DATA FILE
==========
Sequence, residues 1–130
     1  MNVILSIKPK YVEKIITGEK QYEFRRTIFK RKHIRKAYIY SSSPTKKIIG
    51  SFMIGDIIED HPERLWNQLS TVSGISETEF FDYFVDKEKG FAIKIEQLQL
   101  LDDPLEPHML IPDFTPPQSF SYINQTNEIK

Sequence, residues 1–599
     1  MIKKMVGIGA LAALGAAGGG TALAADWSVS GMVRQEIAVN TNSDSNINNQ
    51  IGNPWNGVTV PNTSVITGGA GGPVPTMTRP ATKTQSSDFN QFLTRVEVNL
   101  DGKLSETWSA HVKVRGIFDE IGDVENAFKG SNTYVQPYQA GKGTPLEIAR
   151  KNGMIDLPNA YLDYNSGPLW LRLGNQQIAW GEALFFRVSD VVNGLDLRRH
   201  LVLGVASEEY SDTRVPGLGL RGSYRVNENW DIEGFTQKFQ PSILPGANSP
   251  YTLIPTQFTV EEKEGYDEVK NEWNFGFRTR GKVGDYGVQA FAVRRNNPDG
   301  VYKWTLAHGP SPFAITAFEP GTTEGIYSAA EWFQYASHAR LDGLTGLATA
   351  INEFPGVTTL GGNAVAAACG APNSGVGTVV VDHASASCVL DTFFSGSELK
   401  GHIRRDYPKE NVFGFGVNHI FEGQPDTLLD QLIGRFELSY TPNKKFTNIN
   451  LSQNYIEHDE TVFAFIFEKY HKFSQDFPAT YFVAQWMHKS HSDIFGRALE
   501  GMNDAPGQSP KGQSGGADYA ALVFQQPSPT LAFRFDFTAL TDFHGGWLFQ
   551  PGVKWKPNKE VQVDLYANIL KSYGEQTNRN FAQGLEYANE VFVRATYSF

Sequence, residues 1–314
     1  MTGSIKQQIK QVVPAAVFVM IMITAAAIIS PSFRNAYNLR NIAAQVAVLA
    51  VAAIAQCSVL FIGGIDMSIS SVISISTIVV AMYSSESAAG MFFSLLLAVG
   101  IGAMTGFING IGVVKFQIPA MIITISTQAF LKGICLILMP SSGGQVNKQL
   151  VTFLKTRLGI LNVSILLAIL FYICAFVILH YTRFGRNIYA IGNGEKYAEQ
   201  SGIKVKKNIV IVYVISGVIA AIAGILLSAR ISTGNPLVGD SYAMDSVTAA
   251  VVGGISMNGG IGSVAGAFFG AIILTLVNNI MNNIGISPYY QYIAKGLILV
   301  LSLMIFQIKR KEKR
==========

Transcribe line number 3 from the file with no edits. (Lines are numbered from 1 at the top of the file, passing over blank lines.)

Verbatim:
    51  SFMIGDIIED HPERLWNQLS TVSGISETEF FDYFVDKEKG FAIKIEQLQL